Dynamic Binding

Dynamic binding

Jolie allows output ports to be dynamically bound, i.e., their locations and protocols (called binding informations) can change at runtime. Such a feature is very important because it allows for the creation of dynamic systems where components (microservices) can be bound at runtime.

Dynamic binding in Jolie

Technically, changes to the binding information of an output port is local to a behaviour instance: output ports are considered part of the local state of each instance. Dynamic binding is obtained by treating output ports as variables. For instance, the following would print the location and protocol name of output port Printer:

// Printer.iol
interface PrinterInterface {
    OneWay: printText( string )


include "console.iol"
include "Printer.iol"

outputPort P {
    Location: "socket://"
    Protocol: sodep
    Interfaces: PrinterInterface

    println@Console( P.location )();
    println@Console( P.protocol )()

Binding information may be entered at runtime by making simple assignments:

include "Printer.iol"

outputPort P {
    Interfaces: PrinterInterface

    P.location = "socket://";
    P.protocol = "sodep"

Example: programming a chat

We show a usage example of dynamic binding and binding transmission by implementing a a simple chat service. It is composed by a Chat Registry which is in charge to manage all the open chats and participants, and a User service which is in charge to manage a single participant connected to a chat. There are no limits to the users that can be connected to a chat. In the following diagram we report an example architecture where three users are connected to the Chat Registry service.

The code can be consulted at this link.

Note that both the Chat Registry and each User service exhibit an inputPort for receiving messages. The outputPort of the Chat Registry which points to the User service is not bound to any service, but it needs to be bound dynamically depending on the users connected to a chat.

The Chat Registry offers two operations: addChat and sendMessage. The former operation permits to a user to connect to a chat, whereas the latter is exploited by the user to send messages to all the participants of a chat. The User service is composed by two components: user_service.ol and user.ol. The former one is in charge to receive messages from the Chat Registry whereas the latter just manages the console for enabling human interactions and sending local messages to the Chat Registry.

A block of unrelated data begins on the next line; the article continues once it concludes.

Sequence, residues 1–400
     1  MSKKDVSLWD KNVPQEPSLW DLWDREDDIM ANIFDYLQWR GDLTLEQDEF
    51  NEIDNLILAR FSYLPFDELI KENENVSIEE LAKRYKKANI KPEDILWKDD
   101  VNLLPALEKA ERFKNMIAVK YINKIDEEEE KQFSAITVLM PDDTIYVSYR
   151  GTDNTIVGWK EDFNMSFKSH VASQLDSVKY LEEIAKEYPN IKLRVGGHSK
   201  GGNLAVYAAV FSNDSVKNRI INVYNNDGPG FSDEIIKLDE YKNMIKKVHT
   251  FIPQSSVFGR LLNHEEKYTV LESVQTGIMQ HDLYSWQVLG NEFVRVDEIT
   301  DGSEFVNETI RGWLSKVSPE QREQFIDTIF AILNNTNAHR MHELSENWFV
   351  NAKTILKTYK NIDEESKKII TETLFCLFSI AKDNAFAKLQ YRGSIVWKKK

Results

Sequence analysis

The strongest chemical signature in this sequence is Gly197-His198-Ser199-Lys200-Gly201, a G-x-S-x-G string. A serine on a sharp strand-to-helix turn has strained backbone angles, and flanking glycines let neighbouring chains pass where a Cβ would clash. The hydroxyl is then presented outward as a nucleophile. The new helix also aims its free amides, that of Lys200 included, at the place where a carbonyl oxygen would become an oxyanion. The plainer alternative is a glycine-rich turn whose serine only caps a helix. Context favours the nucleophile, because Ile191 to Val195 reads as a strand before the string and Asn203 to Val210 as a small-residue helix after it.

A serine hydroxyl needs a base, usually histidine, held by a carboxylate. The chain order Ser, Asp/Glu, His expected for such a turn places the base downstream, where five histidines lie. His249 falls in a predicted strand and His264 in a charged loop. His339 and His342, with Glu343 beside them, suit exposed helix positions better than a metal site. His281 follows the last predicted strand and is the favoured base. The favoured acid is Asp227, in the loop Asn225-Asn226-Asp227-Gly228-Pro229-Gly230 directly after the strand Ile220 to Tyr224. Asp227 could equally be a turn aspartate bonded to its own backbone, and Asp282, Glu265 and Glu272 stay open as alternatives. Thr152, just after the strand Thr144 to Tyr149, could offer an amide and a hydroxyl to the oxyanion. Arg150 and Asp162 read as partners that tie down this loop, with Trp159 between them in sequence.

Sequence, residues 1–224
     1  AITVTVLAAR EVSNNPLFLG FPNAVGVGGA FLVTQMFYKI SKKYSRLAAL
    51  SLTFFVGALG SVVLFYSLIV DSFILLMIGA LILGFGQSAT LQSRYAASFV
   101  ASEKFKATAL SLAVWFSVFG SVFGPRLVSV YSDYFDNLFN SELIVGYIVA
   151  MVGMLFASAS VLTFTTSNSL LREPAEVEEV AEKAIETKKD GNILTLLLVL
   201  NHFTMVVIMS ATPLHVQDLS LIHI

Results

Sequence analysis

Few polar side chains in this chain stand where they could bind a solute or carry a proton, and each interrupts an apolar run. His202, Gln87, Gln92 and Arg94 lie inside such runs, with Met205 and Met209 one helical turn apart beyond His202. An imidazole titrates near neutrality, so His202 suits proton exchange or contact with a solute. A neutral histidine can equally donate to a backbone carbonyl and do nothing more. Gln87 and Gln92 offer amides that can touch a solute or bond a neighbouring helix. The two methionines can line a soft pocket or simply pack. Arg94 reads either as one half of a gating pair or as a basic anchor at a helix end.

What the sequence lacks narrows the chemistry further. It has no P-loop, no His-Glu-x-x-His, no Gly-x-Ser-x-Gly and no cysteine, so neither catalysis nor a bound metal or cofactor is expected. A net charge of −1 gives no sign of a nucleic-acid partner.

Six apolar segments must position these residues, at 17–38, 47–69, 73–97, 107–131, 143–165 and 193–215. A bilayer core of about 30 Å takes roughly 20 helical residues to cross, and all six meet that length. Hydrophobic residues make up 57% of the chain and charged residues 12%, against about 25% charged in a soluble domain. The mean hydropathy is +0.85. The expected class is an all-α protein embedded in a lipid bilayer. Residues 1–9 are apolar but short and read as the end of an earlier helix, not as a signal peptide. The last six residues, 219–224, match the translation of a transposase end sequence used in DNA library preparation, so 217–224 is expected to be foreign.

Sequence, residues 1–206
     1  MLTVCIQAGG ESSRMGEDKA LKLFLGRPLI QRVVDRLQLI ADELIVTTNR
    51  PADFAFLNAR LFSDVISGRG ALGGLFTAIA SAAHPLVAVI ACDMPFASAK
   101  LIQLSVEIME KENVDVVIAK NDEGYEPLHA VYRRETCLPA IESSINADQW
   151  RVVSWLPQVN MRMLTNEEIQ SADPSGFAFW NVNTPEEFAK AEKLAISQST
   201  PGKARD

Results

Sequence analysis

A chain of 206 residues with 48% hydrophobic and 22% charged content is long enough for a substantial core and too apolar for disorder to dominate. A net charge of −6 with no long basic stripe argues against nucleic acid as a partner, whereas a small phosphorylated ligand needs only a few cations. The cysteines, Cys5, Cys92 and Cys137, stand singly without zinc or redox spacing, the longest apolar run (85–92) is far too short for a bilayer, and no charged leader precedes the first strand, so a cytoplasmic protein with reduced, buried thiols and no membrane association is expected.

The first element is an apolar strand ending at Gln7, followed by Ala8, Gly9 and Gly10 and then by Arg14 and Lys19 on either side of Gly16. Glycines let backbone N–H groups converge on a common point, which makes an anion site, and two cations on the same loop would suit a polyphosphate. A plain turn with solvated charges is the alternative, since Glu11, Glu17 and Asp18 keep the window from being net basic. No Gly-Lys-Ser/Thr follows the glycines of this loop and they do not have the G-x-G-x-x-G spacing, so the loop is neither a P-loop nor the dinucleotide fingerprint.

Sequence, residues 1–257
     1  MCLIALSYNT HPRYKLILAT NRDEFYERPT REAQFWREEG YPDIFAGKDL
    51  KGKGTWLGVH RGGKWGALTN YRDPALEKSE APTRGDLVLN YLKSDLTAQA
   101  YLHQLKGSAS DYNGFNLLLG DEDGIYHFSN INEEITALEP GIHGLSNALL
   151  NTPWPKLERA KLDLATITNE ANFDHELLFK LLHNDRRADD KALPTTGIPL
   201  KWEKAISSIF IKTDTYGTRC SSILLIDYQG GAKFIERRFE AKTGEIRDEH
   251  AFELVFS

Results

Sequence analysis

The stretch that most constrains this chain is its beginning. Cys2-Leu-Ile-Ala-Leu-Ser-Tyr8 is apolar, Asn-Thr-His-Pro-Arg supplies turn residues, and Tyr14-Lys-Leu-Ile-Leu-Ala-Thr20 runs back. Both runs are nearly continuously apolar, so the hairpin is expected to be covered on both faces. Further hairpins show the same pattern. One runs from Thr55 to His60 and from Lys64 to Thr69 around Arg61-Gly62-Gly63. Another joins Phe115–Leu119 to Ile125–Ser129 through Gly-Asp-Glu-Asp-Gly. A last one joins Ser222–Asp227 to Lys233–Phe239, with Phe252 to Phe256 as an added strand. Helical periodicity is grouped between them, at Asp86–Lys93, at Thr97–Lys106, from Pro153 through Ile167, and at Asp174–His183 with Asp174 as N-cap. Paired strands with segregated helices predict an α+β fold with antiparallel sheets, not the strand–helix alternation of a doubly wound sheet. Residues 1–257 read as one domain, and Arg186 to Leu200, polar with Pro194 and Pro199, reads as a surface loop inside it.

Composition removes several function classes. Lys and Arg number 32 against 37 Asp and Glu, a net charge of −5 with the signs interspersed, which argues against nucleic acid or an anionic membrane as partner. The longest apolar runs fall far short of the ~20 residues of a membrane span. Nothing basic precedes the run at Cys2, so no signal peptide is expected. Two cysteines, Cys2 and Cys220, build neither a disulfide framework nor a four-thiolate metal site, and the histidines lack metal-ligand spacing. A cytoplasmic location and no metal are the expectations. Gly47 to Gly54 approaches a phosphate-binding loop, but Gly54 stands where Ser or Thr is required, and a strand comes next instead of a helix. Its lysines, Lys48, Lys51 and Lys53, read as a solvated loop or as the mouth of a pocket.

Dynamic binding is exploited in the implementation of the sendMessage operation of the Chat Registry where every time a message is received the outputPort User is bound to each registered user for forwarding messages. Note that user's locations are stored into the hashmap global.chat.( ).users.( ).location which is set everytime a user requests to be connected to a chat by using operation addChat.

[ sendMessage( request )( response ) {
        /* validate token */
        if ( is_defined( global.tokens.( request.token ) ) ) {
            /* sending messages to all participants using dynamic binding */
            chat_name = global.tokens.( request.token ).chat_name;
            foreach( u : global.chat.( chat_name ).users ) {
                /* output port dynamic rebinding */
                User.location = global.chat.( chat_name ).users.( u ).location;
                /* message sending */
                if ( u != global.tokens.( request.token ).username ) {
                  with( msg ) {
                      .message = request.message;
                      .chat_name = chat_name;
                      .username = global.tokens.( request.token ).username
                  setMessage@User( msg )
        } else {
            throw( TokenNotValid )

The operation setMessage is exploited by the Chat Registry to send a message to each participant of the chat. Note that such an operation is exhibited in the inputPort of the user_service.ol at the user side.

Compatibility of the interfaces

It is worth noting that, in case of dynamic binding, the interfaces defined in the output port must be compatible with those defined into the receiving input port. The following rules must be respected for stating that there is compatibility between two interfaces:

  • all the operations defined in the interfaces at the output ports must be declared also in the interfaces at the input port (it does not matter in which interface an operation is defined, it is important that it is defined).
  • all the types of the messages defined for the operations of the output port, must be compatible with the the correspondat type of the same operation at the receiving input port.
  • a sending message type is considered compatible with the correspondant receiving one, when all the message it represents can be received without producing a TypeMismatch on the receiver part.

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